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The current study aimed to evaluate the potentially traumatic aspects of psychotic symptoms and psychiatric treatment of psychosis using qualitative methods. Participants included 63 people with first episode psychosis or multiple psychotic episodes recruited from an inpatient psychiatric unit and an urban state psychiatric hospital in the North East region of the United States. Quasi-structured interviews were used to explore those aspects of symptoms and treatment that were perceived as traumatic Emotional reactions to the most traumatic aspect of symptoms and treatment, during and after the event, were also examined. Participants described a number of traumatogenic aspects of psychotic symptoms, including frightening hallucinations; suicidal thought/attempts, thoughts/attempts to hurt others; paranoia/delusions and bizarre/disorganized behavior or catatonia. Traumatic aspects of psychosis elicited emotions including anger, sadness and confusion, anxiety, and numbness at the time of event. Furthermore, many participants found aspects of treatment to be traumatic, including: being forced to stay in the hospital for a long time; experiencing upsetting side-effects; coercive treatments, including involuntary hospitalization, use of restraints, and forced medication; being exposed to aggressive patients; and mistreatment by professionals. These experiences elicited emotions of anger, sadness, distrust, and a sense of helplessness. Study findings suggest that the experiences both of psychotic symptoms and psychiatric treatment, potentially traumatic, can be a powerful barrier to engaging people in mental health services and facilitating recovery. Clinical implications were discussed.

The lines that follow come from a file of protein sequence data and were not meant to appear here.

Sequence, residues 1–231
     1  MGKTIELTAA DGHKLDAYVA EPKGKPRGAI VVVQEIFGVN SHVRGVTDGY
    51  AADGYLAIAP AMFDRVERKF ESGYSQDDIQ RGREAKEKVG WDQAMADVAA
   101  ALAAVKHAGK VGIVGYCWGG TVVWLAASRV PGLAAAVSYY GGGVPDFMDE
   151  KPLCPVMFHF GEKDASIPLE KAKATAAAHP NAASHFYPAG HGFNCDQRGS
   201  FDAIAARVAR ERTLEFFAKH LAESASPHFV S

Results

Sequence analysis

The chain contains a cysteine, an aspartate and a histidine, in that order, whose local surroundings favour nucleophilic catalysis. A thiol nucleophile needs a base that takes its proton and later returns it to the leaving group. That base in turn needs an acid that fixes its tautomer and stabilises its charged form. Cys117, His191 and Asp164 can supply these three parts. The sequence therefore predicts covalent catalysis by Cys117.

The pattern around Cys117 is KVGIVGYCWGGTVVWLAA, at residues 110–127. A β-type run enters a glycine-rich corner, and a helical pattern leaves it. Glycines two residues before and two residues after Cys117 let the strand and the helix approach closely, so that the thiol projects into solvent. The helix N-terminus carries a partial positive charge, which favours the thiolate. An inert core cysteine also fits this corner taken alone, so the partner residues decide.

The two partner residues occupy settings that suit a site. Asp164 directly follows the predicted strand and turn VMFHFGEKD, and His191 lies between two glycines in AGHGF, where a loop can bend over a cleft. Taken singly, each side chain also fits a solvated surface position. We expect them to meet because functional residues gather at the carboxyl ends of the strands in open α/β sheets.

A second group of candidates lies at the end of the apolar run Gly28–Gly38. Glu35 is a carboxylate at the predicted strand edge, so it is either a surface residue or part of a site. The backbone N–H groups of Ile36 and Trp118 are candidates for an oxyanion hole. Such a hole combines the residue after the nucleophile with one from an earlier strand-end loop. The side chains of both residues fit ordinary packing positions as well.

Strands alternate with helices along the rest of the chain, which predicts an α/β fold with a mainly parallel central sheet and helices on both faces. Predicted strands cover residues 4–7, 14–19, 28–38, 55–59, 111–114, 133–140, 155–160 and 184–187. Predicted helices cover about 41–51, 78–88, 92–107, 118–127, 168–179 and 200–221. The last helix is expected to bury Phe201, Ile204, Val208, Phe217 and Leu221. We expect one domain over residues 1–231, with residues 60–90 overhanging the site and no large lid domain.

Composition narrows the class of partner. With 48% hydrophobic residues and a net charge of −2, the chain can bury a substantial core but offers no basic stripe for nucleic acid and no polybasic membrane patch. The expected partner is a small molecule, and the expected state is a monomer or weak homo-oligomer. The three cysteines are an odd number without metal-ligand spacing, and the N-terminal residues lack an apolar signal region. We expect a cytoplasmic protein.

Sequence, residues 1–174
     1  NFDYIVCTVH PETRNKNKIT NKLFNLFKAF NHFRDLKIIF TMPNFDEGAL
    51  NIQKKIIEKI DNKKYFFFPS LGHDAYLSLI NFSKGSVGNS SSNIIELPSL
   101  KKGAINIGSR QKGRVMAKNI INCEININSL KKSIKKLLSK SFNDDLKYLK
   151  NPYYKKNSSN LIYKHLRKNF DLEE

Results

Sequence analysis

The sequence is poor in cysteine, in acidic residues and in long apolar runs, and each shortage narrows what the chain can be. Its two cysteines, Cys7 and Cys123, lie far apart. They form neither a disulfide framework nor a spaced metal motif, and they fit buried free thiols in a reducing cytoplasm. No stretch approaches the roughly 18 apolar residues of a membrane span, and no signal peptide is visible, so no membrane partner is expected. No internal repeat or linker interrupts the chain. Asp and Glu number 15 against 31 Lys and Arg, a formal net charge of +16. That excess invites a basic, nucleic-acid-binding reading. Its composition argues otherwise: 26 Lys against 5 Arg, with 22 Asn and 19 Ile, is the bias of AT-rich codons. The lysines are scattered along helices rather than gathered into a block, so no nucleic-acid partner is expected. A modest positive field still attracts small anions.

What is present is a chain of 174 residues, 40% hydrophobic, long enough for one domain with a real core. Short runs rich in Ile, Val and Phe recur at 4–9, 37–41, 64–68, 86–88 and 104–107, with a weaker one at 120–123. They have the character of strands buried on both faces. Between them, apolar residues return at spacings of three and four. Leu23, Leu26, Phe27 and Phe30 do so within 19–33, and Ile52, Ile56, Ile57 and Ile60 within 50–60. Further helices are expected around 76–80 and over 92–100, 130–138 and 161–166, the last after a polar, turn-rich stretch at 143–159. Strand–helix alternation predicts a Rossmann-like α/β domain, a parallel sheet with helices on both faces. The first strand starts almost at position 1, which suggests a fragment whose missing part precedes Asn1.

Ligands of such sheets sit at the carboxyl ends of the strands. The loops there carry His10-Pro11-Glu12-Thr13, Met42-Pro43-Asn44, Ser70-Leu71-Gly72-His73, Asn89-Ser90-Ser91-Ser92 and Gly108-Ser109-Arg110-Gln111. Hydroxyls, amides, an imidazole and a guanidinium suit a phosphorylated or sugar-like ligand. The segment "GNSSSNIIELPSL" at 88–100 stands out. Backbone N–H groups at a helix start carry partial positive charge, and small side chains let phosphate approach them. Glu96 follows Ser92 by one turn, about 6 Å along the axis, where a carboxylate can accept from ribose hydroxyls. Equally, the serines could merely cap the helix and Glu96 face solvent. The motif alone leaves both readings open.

This article was originally published in frontiers in Psychiatry, available at doi: 10.3389/fpsyt.2017.00129.

This is an open- access article distributed under the terms of the Creative Commons Attribution License (CC BY).



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